There is a significant amount of recent literature in the domain of self-driving vehicles (SDVs), with researchers focusing on various components of the SDV system that have the potential to improve on-street performance. This includes work exploring improved perception of the SDV surroundings, or proposing algorithms providing better short-term prediction of nearby traffic actor behavior. However, in most cases, the authors report only aggregate metrics computed on the entire data, and often do not fully consider the bias inherent in the traffic data sets. We argue that this practice may not give a full picture of the actual performance of the prediction model, and in fact, may mask some of its problem areas (e.g., handling turns). We analyze the amount of bias present in traffic data and explore the ways to address this issue. In particular, we propose to use a novel off-road loss and standard bias mitigation techniques that result in improved performance. We further propose to avoid aggregate metrics and instead analyze performance on relevant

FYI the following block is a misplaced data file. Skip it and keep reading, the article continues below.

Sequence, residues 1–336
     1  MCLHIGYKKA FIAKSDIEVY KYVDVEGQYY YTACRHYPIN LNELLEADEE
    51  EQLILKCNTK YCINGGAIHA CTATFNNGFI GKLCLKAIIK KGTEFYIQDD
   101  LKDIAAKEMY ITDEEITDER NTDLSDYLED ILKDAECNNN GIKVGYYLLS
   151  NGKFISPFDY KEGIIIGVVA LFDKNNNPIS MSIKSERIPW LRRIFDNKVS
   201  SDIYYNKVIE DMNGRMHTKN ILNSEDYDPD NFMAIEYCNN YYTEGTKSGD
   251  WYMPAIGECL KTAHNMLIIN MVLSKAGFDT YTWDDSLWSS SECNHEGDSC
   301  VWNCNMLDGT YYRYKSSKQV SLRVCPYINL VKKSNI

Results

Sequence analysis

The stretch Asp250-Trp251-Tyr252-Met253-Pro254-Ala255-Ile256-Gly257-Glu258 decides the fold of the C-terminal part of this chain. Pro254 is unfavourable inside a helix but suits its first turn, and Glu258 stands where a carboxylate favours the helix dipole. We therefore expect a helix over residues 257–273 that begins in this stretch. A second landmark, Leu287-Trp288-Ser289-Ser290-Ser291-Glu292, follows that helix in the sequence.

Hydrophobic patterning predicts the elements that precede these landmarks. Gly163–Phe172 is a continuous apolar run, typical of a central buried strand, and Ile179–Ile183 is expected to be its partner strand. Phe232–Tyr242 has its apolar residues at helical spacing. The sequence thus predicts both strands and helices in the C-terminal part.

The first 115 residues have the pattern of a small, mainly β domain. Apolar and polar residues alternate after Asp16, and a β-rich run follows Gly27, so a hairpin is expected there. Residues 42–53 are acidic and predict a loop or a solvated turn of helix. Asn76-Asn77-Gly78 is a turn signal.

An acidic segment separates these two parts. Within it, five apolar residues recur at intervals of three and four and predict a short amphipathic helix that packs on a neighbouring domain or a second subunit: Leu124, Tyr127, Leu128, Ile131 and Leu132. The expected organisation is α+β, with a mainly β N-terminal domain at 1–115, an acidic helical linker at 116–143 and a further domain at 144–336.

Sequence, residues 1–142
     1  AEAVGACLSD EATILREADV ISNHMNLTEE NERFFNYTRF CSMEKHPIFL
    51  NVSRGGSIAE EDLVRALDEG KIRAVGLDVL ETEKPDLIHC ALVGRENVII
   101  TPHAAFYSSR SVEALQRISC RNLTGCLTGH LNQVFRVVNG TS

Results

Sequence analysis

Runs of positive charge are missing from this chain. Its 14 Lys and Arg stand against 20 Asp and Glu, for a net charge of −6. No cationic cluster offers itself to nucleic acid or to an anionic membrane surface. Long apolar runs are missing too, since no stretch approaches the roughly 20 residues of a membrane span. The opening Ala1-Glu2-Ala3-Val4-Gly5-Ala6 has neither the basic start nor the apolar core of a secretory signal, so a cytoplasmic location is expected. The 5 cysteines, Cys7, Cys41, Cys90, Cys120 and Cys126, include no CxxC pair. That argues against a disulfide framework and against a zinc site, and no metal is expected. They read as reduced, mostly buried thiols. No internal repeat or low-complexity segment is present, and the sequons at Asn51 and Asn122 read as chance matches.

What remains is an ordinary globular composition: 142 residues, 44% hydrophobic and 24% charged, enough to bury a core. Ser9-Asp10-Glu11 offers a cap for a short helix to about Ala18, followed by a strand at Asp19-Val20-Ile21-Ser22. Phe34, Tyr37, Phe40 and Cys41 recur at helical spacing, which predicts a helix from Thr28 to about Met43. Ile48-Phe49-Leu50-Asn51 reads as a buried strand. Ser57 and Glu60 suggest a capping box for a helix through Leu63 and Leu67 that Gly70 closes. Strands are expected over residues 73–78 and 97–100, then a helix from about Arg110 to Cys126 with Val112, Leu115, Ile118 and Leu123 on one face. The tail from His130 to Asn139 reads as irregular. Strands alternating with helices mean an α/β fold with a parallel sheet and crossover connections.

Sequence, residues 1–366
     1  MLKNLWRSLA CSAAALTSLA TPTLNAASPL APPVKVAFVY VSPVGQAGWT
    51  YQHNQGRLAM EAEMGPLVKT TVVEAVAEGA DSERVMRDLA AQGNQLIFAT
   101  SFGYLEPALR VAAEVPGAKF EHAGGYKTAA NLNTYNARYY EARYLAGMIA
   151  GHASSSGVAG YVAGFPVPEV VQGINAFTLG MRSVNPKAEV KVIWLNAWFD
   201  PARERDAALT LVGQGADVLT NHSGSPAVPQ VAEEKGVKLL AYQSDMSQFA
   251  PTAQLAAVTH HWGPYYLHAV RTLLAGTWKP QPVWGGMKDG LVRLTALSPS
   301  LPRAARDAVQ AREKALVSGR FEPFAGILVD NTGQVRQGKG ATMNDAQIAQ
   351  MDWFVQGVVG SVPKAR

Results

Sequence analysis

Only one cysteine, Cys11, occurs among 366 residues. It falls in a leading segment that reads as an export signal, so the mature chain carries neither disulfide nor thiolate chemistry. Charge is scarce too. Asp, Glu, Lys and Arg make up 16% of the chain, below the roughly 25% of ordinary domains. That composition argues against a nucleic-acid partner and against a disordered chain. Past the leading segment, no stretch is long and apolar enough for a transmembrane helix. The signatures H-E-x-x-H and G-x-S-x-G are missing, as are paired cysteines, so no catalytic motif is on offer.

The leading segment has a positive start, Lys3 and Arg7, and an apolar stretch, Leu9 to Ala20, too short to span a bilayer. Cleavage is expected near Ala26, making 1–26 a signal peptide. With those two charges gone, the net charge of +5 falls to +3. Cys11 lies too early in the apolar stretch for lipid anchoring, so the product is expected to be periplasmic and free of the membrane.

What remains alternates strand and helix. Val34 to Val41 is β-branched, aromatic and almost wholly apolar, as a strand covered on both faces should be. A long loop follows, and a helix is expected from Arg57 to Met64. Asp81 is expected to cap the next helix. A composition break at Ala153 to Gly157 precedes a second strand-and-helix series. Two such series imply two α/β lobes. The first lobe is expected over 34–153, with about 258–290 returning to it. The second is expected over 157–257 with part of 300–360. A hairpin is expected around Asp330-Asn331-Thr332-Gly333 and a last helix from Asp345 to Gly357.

subsets of the data, thus better capturing actual model capabilities. Moreover, we propose to measure a novel off-road error to complement commonly used prediction metrics. Extensive analysis of real-world data suggests benefits of the proposed approach for improving the performance of SDV technology.